Dissatisfied not only with the disappointing reality of the Buell 1125R, but also the company’s untimely death, Colorado-based Magpul has taken matters into its own hands and evolved the superbike into the visually stunning, pared-to-the-bone motorcycle they always knew it could be. The Magpul Ronin eliminates the 1125R’s bodywork and front end, replacing them with a girder set up and an integrated subframe, tailpiece and airbox cover. The changes aren’t just visual, but are designed to improve the steering and drop 50lbs from the wet weight too.
“We liked what Erik Buell was doing – thinking outside of convention
– but he was so function driven in his design that it left a lot to be
desired from an industrial design standpoint,” says Michael Mayberry one
of Magpul’s co-owners.
But what business does Magpul, a firearms accessory manufacturer, have talking
about and making motorcycles? “We’re a design and manufacturing house,
not just a gun company.”
They’re also motorcyclists, Michael and others
at the company were really excited when they heard Buell would finally
build a water-cooled superbike, but disappointed when it looked and
worked the way it did. Cut to last year and Grady Barfoot from Project M85 entered the picture. They shared a similar
opinion on Buell and, when the company shut its doors, an opportunity
presented itself. Magpul purchased a bunch of brand new 1125Rs at wholesale, then Grady and the company’s engineers started tinkering.
The most obvious alteration is the linkage fork and its front-mounted
radiator. Not only were the stock side-mounted radiators hideously ugly,
but they were also inefficient, requiring airflow to bend 90 degrees to
both enter and exit. The new radiator is considerably smaller, yet
far more efficient at cooling as it’s now directly opposed to airflow
and free from the radiant heat of the engine. Mounting it on the fork
does turn it into unsprung weight, which isn’t an ideal engineering
solution, but the location of the 1125R’s front suspension in relation
to the engine leaves no room for a traditional radiator mounted on the
front of the engine.
Due to the nature of girder forks, unsprung weight is almost always going to increase in comparison to telescopic items, there’s simply more mass below the spring, and this affects the Ronin too. Even with the addition of the radiator, the entire front end weighs the same as the stock setup and Magpul says they’ve experimented with radiator placement both on and off the forks and there was virtually no effect to the dynamics.
The girder does brings mechanical benefits that overcome the negative of increased unsprung weight, the design increases the
leverage ratio acting on the setup’s suspension component: a Penske
monoshock. That eliminates stiction, leading to a smoother action.
Magpul has also taken the opportunity to add 13mm of trail to the fork,
which otherwise follows stock geometry. That brings the front end geometry in line with current sportsbike convention, improving steering feel.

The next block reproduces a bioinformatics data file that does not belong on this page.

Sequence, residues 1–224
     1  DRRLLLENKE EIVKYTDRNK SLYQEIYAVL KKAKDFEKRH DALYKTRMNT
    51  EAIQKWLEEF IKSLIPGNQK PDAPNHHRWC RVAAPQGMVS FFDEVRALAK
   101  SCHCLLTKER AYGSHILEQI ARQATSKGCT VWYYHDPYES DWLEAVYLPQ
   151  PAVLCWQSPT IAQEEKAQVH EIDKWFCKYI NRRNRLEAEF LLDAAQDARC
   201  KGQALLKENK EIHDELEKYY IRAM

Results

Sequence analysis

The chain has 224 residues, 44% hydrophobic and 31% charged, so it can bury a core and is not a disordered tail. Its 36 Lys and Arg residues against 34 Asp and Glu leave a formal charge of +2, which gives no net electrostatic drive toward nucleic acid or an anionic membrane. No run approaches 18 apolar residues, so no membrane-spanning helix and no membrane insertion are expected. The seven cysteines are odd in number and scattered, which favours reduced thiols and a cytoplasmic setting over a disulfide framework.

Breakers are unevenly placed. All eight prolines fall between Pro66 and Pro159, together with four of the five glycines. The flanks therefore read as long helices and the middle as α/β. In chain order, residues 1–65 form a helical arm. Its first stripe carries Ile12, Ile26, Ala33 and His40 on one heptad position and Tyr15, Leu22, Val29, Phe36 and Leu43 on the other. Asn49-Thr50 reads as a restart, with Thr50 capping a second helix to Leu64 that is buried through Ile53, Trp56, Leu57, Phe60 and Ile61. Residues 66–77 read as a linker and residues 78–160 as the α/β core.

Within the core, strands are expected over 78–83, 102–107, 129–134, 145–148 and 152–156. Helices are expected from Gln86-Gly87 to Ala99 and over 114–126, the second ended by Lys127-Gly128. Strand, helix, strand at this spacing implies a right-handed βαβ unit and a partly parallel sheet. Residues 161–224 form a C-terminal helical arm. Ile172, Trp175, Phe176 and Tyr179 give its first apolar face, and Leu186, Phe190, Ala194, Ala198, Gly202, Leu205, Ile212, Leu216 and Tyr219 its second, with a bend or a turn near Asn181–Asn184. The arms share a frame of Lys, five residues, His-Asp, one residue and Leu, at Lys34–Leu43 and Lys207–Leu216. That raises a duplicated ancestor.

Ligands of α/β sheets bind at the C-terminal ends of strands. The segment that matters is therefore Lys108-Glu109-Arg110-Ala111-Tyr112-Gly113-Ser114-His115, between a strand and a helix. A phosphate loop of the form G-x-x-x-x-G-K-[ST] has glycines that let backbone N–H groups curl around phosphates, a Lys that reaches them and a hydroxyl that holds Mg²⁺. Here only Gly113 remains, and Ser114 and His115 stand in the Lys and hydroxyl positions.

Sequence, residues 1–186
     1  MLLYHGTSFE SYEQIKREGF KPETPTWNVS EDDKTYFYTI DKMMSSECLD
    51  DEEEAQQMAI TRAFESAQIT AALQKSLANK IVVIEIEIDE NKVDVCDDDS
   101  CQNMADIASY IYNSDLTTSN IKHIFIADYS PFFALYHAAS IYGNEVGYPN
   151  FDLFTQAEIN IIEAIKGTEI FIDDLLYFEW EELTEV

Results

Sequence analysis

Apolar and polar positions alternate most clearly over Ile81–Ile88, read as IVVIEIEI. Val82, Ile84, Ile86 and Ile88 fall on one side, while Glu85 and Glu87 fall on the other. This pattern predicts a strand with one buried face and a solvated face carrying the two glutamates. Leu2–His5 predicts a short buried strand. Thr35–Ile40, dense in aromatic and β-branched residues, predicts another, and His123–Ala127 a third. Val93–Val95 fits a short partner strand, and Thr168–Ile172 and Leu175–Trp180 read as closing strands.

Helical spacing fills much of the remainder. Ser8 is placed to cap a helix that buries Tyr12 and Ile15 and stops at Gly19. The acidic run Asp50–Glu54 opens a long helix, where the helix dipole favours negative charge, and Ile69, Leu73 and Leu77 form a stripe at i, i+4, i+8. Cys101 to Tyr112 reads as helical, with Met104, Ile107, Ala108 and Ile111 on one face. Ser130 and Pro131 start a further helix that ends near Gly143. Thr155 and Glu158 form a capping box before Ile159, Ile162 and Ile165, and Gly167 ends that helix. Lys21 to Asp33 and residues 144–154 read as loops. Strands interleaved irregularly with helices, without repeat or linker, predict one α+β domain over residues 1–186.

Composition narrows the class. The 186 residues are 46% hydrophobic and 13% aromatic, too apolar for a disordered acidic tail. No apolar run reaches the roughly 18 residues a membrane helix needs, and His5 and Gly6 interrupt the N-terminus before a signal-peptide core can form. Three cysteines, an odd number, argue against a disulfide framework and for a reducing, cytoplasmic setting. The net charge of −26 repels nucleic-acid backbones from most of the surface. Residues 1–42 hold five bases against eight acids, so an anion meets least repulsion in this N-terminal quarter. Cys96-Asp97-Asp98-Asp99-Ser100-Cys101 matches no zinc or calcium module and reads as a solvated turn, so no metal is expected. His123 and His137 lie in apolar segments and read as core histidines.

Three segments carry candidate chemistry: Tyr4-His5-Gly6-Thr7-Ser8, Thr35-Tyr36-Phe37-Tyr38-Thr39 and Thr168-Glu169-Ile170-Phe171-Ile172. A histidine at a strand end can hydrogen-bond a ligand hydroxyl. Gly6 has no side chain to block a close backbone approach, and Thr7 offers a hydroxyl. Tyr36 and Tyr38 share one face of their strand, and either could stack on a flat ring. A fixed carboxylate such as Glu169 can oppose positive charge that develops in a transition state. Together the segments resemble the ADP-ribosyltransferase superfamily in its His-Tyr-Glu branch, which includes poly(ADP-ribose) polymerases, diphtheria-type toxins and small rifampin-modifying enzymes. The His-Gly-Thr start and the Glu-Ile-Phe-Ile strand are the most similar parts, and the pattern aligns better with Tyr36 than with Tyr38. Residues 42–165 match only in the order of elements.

“We wanted to eliminate everything that was up and in front of the
rider’s view,” says Michael of the new cockpit. On top of all this is a
new cast aluminum handlebar and steering yoke with a dinky Motogadget
speedometer and the ignition integrated into it. Michael bemoans the
loss of the tachometer, but is looking at integrating race-style LED
indicators to replace it. The cast aluminum handlebars can be easily
replaced with any 1 1/8″ tapered bars to alter the riding position, but
we like how well these items are integrated in the overall look of the
Since the 1125R uses a fuel-in-frame design, the “tank” is actually a
carbon fiber airbox cover that now includes two ram-air intakes on its
leading edges. These have been repositioned from in front of the engine,
improving both looks and the volume of air flowed. A small tubular
steel subframe supports the hand-stitched seat and cast aluminum tail
piece. Magpul claims the new airbox cover, subframe and tailpiece are
largely responsible for the Ronin’s weight savings.
The effect created by the new bodywork works in conjunction with the
rearward-pointing triangle of the frame and swingarm to radically direct
the visual emphasis of the Ronin forward to the massive girder fork.
The 146bhp Rotax v-twin — unaltered – is also exposed and combines with
the angularity of the body and frame to create a look that evokes
mechanical function to replace the Buell’s downright awkwardness.
The Ronin is currently a functional prototype and Magpul’s first toe in
motorcycle waters. If enough interest can be drummed up, the Ronin will
be produced in limited numbers. They won’t say how large a production
run could be feasible, but they have “about 25″ 1125Rs on hand and could
potentially convert customer bikes too. If that
happens and if it goes well, the company has discussed spinning of a
new brand specifically dedicated to motorcycles. Magpul doesn’t see
itself becoming a provider of aftermarket parts, but rather a motorcycle
maker. What we could be seeing here is the genesis of a new American